Annahar has suffered from bankruptcy in the past. The previous round of layoffs was during Ghassan Tueni's tenure as publisher in the late 1970s, when 47 editors and staff were discharged. Ghassan Hajjar, Annahar's managing editor, said in an interview that there was a surplus of employees at the newspaper and revealed that its business directors called in the financial consultancy firm Booz Allen, which recommended laying off 80.

After previous redundancies described as mass layoffs (meaning more than 10), fired individuals successfully prosecuted the newspaper in court and got their jobs back, charging that the layoffs were "arbitrary". Unlike in the past when decisions of layoff were conveyed verbally, the newspaper this time conveyed its decisions through registered mail. "It was incumbent upon this institution, which has long been considered modern and liberal, to start by asking the journalists and editors whom [it] wishes to layoff, to resign voluntarily. And even with collective expulsion, it could have [shown] some loyalty and issued a public disclaimer to [show] what those journalists provided over their working years," Sahar Baasiri, a journalist who worked for 30 years at Annahar, wrote in an e-mail.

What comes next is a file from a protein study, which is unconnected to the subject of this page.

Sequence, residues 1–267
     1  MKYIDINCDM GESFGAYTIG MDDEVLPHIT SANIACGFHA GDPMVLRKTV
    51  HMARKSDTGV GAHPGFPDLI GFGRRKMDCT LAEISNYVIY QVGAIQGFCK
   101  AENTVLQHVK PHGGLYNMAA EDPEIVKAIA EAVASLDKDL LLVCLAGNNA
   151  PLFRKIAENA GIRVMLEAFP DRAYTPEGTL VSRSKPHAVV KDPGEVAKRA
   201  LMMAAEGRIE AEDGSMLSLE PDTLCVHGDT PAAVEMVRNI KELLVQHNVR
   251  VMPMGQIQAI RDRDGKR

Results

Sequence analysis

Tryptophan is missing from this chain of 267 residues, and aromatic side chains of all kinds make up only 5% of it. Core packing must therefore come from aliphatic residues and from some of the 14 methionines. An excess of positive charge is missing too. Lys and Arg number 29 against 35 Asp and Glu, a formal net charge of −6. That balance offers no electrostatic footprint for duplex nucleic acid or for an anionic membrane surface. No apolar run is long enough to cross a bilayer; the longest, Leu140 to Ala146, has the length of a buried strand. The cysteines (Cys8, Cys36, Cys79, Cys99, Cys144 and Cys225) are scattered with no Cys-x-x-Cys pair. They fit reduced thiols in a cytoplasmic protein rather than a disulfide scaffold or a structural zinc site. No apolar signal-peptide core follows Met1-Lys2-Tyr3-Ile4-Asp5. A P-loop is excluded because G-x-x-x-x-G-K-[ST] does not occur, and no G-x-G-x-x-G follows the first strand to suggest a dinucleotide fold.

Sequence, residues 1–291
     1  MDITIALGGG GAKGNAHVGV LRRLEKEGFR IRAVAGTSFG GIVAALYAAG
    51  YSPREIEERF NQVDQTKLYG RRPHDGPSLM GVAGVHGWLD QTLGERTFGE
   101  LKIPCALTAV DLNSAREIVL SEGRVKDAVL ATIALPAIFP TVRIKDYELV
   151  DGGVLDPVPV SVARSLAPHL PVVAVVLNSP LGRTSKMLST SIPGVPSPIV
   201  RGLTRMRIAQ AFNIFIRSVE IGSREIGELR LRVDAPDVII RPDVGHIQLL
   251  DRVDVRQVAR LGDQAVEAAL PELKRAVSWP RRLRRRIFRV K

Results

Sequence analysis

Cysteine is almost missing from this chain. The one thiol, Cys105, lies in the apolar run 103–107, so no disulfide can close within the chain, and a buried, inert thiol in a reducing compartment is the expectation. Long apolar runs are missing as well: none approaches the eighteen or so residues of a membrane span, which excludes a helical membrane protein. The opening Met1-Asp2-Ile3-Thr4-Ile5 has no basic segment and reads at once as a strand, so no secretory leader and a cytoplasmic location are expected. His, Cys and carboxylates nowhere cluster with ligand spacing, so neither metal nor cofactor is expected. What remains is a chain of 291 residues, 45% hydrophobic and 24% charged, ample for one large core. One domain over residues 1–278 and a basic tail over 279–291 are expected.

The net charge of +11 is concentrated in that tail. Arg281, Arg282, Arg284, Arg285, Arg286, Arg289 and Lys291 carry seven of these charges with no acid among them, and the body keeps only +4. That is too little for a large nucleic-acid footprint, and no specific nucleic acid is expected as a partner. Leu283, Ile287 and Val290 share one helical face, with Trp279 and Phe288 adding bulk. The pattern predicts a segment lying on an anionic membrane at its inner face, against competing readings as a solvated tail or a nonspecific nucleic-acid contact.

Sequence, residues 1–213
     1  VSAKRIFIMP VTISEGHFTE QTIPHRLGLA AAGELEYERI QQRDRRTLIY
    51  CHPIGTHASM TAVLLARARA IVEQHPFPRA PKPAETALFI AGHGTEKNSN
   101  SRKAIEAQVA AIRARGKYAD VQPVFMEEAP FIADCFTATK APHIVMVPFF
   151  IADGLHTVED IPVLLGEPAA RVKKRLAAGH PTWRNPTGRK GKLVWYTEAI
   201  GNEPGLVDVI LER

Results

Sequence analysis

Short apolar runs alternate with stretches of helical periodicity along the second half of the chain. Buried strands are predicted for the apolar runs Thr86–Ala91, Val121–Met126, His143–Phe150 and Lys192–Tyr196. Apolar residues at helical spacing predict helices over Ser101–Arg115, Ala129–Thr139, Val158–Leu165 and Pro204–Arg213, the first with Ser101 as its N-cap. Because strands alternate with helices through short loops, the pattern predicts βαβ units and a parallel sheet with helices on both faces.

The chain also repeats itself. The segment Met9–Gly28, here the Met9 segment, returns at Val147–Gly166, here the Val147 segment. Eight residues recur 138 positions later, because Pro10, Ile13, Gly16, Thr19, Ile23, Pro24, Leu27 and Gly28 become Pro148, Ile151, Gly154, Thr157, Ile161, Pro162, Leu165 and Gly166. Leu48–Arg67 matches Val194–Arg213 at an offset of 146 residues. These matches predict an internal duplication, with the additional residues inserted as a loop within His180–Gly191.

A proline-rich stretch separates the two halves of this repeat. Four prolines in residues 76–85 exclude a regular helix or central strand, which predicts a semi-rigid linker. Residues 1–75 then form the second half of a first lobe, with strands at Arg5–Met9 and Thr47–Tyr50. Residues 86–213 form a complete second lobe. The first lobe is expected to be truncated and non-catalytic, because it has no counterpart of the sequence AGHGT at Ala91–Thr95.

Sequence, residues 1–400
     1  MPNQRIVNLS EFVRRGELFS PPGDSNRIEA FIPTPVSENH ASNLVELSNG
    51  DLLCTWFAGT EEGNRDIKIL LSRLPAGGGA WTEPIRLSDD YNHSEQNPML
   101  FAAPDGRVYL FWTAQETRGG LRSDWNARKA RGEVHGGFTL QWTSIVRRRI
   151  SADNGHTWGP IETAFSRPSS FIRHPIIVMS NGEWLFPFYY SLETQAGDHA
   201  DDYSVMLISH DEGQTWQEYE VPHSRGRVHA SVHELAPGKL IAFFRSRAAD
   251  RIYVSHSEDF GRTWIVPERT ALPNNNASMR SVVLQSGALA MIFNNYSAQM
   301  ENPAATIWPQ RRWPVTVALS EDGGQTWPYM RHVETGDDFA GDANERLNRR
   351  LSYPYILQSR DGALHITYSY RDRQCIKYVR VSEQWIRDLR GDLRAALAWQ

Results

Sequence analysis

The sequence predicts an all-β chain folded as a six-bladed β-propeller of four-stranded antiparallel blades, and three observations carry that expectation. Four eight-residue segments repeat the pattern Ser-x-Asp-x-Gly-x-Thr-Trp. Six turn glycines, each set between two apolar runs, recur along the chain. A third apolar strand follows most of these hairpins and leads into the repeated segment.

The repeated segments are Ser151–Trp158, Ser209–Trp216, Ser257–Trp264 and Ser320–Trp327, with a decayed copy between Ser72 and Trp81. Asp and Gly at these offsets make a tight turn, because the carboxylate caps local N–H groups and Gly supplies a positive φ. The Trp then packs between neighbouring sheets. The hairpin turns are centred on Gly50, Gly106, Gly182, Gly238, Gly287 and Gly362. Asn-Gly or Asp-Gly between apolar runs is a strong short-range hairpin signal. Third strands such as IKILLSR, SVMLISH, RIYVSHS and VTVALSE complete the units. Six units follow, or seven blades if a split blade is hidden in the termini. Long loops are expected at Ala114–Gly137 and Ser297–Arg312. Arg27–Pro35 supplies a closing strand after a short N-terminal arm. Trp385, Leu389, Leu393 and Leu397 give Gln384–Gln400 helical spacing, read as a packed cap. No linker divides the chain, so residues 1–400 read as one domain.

The SKeyes Foundation meeting launched a campaign of solidarity that includes statements and letters to media outlets. One such petition was signed by 70 journalists, authors and artists. Only two of the fired employees, Khoury and May Daher Yacoub, also from Annahar, who were present at the meeting, signed the letter. SKeyes has not emphasised the presence of Mr Khoury, the award-winning author of Gate of the Sun and other novels, because, it said, many other established authors and journalists signed the petition.

The letter condemned the collective expulsions, "which were not subject to professional standards". "It is within any institution's right to reconsider its budget and to deal realistically with its financial crisis. But it is unacceptable to expel journalists and employees who spent decades defending political liberties and risking their lives, without adopting specific standards," the statement said. "The expelled journalists and employees should be treated not only in a way that preserves their financial rights but most importantly their dignity, moral rights and their professional values."

The campaigners demanded a public apology to the expelled journalists and urged the media institutions to reconsider the steps taken recently on the media industry. "The history of those institutions does not belong to them only. It is a value that no one has the right to compromise," the statement concluded. "The sacked employees were scared [to get involved in the campaign] because they thought they would be denied their indemnities and we have even heard rumours about some being threatened not to participate in this gathering," said Giselle Khoury, the head of SKeyes and a journalist for Al Arabia television. She is no relation to Mr Khoury the author.

Annahar's managing editor, Mr Hajjar, denied the accusation and said the day the campaign started, 49 of the sacked employees had already been given their compensations and did not want to participate. mzeidan@thenational.ae